For those interested in more detailed information they might look to William A. Owens, “Three Friends: Roy Bedichek, J. Frank Dobie, Walter Prescott Webb” (1969), as well as W. A. Owens and Lyman Grant, “Letters of Roy Bedichek” (1985).

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William Humphrey Selected Letters Published

Posted 01.17.08 at 4:53 PM

“Far from Home” Selected Letters of William Humphrey, edited by Ashy Bland Crowder and published by Louisiana State University Press, Baton Rogue, La. 70808 (ISBN 978-0-8071-3272-2) has just been made available for many of us particularly interested in this writer.

The book flyleaf conveys, “Often compared to William Faulkner, renowned American writer William Humphrey (1924-1997) sought to shatter myths about the South in such acclaimed novels as Home from the Hill, The Ordways, and Proud Flesh, and in his voluminous short stories, critical essays, and memoirs.  This collection of Humphrey’s best letters deserves space on the bookshelf alongside these earlier works.  Beginning in the 1940s when, as a true starving artist, he wore borrowed clothes and could afford only one meal a day, the letters move to his time as a goatherd, his stint as a teacher at Bard College, his middle years in Europe, and the letters decrease in number as he returns to America with his health declining in the late 1980s and early 1990s.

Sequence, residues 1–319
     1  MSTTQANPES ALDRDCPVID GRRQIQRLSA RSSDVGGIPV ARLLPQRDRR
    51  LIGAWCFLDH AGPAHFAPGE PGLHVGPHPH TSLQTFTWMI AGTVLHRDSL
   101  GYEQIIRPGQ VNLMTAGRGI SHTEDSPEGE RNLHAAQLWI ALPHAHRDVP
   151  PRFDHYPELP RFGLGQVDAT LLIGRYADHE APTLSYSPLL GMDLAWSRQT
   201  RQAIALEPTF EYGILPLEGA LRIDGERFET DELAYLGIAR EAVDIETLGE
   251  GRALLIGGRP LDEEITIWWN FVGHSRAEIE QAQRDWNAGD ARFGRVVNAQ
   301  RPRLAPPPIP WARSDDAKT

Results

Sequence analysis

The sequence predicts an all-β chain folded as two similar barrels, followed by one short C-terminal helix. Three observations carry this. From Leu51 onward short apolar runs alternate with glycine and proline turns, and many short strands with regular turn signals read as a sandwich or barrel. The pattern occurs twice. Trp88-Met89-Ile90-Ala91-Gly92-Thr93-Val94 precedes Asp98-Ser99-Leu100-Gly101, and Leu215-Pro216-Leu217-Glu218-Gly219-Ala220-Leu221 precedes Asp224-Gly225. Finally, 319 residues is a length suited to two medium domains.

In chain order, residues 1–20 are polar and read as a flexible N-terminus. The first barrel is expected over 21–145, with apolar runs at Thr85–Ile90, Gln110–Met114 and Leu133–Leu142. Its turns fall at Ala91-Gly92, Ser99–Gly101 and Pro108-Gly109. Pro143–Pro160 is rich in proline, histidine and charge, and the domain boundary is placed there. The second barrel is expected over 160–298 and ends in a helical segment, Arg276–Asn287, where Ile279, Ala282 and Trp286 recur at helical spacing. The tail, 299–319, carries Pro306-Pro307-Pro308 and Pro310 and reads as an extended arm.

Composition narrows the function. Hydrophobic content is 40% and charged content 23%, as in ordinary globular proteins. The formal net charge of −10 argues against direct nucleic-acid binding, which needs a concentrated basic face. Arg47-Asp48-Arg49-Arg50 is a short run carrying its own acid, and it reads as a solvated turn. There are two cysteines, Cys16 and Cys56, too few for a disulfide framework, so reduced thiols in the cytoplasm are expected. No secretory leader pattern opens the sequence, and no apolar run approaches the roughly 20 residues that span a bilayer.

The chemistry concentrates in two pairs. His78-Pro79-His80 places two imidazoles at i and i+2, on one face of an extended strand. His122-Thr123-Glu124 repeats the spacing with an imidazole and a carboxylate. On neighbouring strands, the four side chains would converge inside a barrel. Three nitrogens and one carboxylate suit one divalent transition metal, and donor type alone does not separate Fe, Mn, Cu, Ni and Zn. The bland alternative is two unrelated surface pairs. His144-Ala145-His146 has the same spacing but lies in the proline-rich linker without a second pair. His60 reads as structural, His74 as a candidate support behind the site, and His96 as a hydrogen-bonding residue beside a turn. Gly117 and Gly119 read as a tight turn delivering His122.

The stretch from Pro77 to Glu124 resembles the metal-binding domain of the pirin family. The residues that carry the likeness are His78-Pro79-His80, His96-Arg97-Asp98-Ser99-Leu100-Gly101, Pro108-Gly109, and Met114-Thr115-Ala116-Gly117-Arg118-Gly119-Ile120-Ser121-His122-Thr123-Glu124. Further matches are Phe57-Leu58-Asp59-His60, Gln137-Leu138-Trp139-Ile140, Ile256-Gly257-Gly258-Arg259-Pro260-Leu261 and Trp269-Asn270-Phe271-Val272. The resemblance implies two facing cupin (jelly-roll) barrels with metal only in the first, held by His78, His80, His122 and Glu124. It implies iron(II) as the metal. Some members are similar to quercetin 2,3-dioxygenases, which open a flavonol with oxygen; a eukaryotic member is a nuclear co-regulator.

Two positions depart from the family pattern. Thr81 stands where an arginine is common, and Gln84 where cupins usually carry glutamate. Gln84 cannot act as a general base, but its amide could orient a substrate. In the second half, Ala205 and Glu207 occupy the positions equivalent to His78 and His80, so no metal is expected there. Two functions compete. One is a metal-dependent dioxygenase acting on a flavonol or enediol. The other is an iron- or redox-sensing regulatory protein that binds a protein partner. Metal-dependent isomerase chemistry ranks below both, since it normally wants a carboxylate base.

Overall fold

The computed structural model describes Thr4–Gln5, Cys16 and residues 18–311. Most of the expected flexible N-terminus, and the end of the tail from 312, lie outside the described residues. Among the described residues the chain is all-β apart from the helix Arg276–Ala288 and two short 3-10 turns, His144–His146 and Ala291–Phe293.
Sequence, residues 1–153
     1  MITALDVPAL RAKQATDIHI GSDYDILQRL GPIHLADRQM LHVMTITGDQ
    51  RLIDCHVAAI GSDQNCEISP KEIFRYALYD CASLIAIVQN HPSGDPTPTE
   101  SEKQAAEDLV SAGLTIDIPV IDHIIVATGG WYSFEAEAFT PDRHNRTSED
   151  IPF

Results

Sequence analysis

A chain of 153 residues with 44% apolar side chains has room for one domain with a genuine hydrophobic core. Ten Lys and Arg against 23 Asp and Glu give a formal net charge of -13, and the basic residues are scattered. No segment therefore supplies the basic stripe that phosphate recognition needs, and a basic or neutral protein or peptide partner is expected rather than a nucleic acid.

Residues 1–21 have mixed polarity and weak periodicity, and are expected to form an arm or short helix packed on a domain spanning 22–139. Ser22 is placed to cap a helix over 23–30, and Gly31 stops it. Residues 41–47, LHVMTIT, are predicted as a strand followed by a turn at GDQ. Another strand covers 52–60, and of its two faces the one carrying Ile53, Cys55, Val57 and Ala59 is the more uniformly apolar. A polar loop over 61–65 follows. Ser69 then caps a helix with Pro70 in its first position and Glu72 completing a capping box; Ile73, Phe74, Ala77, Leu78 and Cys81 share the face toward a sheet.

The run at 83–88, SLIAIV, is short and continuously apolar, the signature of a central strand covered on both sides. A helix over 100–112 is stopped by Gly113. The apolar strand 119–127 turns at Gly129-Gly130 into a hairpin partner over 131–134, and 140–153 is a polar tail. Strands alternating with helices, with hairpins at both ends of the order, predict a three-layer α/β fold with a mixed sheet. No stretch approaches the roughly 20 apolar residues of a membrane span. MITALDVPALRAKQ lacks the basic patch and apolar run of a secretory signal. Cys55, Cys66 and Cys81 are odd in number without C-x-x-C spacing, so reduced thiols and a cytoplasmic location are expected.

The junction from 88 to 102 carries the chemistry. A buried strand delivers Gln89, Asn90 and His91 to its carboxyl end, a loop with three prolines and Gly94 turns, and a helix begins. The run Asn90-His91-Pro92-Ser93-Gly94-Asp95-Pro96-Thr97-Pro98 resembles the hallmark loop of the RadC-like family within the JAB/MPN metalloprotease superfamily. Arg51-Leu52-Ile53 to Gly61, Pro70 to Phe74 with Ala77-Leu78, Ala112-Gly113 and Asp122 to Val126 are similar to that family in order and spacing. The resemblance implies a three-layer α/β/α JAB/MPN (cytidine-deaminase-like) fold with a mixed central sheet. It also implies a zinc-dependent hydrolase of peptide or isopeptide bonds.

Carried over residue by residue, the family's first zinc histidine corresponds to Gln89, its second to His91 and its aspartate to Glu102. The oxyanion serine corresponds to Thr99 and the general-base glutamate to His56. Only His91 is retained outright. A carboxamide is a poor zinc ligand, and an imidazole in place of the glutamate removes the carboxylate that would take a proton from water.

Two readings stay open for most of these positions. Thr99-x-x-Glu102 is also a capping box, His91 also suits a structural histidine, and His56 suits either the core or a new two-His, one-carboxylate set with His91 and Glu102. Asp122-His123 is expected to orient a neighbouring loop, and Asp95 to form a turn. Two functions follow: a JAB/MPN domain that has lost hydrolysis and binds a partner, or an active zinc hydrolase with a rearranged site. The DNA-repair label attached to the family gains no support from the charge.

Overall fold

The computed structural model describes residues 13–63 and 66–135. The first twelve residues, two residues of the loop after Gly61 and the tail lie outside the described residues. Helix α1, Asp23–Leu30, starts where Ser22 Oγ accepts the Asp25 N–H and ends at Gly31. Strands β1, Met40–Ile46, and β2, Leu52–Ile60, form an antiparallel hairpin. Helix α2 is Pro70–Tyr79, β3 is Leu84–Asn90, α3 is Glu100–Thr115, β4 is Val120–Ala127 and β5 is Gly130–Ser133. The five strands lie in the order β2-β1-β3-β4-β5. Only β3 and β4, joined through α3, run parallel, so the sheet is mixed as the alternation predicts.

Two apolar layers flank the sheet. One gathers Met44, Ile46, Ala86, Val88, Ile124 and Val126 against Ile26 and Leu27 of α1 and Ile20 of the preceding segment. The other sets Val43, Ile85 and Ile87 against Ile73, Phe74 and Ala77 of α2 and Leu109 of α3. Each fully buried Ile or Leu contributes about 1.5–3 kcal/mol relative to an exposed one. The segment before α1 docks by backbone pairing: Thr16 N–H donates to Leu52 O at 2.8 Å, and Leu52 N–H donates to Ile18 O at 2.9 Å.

Humphrey corresponded with some of the central figures in the literary and intellectual life of the twentieth century, including writers such as Katherine Anne Porter and Leonard Woolf, and the publisher Alfred Knopf.  These letters present a vivid picture of Humphrey as he provides commentary on his contemporaries through personal observations combined with sharp critical judgments.

The letters also provide remarkable insights into Humphrey’s own works, showing him to be a man happiest when he forgot about himself also prone to plunging into despondency.  The correspondence unforgettably reveals his troubled soul and his life as a quintessential artist; a man with the unswerving drive to make a lasting contribution to American literature.”